Each September we get a supply list from my children’s school. Inevitably to be found on the list is hand-sanitizer. Now I understand the teacher’s intentions are good — everyone knows schools are germ breeding grounds — but with all of the research showing that the active ingredients in many of the hand-sanitizers are potentially cancer-causing, I can’t understand why we are still being asked to bring them in each year. Perhaps I am just too close to the issues, or know too much for my own good, but I still wonder why these products are still being used in our homes, our offices, and our schools.
Probably my biggest mistake is to assume everyone knows about the research on these chemicals. And there is plenty.
And probably the biggest question I have is why manufacturers are still using triclosan when there are doubts about its safety. Not to mention that there is a very simple, elegant, safe solution: hand-washing. An FDA panel (PDF of report) of experts conducted a multi-year study, which found that hand-sanitizers are no more effective than hand-washing at reducing the spread of bacteria. They also found the ingredients in these products were potential health hazards and that they were persistent and bioaccumulative in the environment. So the downsides are great: potential cancer-causing agent; possible endocrine disrupting; and suspected breeder of super bugs — you know, those bacteria that can resist all antibiotics.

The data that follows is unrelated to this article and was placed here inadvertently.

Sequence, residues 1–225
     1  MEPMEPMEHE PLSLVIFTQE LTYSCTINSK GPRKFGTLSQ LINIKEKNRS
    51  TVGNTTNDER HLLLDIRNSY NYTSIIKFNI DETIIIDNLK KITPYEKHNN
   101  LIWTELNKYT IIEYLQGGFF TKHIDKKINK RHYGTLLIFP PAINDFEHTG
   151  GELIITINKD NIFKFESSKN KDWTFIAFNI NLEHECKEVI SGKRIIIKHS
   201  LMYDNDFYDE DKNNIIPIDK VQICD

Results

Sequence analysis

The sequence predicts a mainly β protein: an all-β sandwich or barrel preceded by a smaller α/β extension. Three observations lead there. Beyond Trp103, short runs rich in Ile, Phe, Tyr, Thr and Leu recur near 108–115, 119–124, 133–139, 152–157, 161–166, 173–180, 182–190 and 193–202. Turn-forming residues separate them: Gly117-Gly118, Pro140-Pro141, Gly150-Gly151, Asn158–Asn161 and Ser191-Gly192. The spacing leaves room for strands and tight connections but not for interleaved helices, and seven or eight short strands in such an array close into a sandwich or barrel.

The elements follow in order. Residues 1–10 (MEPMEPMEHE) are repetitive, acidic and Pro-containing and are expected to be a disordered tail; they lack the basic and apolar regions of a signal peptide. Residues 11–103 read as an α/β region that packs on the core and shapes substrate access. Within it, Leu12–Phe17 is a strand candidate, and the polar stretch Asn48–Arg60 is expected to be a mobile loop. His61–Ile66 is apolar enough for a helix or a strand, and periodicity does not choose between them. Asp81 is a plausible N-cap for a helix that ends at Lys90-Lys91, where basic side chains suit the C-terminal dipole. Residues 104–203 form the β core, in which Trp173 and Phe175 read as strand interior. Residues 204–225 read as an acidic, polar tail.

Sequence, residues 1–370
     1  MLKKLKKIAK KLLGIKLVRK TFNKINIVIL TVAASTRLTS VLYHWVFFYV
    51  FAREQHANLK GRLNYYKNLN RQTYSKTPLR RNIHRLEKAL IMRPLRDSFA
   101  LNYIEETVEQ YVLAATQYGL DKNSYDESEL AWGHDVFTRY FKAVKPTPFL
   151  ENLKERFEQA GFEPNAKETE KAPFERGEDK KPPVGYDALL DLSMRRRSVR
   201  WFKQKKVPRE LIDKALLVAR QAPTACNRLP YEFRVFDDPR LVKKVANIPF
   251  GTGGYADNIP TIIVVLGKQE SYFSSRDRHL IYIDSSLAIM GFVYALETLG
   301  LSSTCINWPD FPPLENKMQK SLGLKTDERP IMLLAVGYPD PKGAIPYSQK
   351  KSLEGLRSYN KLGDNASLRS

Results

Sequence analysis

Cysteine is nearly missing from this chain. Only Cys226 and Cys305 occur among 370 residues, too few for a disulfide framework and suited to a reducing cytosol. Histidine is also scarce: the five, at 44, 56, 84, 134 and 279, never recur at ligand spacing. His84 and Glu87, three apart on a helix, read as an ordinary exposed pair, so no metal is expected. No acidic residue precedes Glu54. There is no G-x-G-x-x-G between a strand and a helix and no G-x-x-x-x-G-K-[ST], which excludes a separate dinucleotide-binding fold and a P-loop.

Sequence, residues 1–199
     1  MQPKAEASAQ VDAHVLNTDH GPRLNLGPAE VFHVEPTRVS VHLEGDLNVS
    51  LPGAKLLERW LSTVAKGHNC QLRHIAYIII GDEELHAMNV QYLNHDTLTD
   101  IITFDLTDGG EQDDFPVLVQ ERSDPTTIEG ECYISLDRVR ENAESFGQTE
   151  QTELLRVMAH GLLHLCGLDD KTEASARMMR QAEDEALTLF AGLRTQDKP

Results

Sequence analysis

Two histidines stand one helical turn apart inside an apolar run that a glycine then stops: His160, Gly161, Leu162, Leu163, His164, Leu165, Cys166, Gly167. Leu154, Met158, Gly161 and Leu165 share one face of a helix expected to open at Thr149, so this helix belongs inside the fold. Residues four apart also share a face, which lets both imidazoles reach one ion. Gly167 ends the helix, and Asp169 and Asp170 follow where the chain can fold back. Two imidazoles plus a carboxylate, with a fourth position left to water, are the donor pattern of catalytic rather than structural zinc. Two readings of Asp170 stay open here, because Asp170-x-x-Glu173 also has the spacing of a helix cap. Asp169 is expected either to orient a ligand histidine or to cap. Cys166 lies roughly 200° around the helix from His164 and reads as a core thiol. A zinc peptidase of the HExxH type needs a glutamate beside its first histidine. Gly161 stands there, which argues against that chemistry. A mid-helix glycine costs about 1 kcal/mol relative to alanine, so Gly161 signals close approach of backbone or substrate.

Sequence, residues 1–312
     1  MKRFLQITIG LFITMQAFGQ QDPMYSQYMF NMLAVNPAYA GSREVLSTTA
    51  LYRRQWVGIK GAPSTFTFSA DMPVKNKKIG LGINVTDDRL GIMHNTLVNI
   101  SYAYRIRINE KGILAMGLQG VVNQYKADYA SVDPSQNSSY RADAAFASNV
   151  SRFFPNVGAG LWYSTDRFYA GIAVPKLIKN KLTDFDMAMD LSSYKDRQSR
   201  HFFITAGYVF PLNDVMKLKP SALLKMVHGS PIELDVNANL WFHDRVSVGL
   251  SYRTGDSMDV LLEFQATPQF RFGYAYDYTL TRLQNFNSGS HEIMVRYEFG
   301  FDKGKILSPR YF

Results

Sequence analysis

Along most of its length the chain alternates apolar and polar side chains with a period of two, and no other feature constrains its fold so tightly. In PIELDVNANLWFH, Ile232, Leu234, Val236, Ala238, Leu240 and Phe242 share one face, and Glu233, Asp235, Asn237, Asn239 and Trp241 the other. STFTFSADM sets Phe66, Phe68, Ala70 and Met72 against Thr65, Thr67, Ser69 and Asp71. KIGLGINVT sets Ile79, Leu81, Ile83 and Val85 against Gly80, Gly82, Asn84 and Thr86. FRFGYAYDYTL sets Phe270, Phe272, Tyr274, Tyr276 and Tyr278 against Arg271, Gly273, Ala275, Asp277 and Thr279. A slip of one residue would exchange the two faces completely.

In the EU, they have a the REACH directive, which ultimately will require manufacturers to prove that the chemicals they are using are safe. Now the directive is not without it’s detractors who argue that it doesn’t have enough teeth or is too Big Brother. But it certainly makes sense: A product is not used by consumers until the safety of all its ingredients is assured. Right now the system is working in reverse: new chemicals are produced and used to manufacture products every day that are not proven safe.
And where do these chemicals end up? In our environment and in our water. Here’s an example. Triclosan is in your toothpaste (not all of them, but many). You brush your teeth. Spit out the excess toothpaste with triclosan. The water goes to your local treatment plant. Most chemicals are removed during treatment. Most, but not all. You do that day after day. So do millions of other people. These trace amounts add up. They enter the environment and don’t break down. Those chemicals end up in our lakes, rivers, streams, and then back into our drinking water. It all comes full circle.
Sorry to be so radical, but the ubiquity of the anti-bacterial personal care products are going to be our next water bottle debacle. Both of these issues are sure to remain hot topics on the environmental sustainability agenda. Two unnecessary products that only 10 years ago were virtually unheard of and are now having a huge impact on the natural world.
OK, enough of my diatribe for today. Bottom line: We as consumers need to stop buying this stuff for our homes and offices and schools.
Consultant and writer on sustainability and the environment
Helping you leave a green footprint on the world…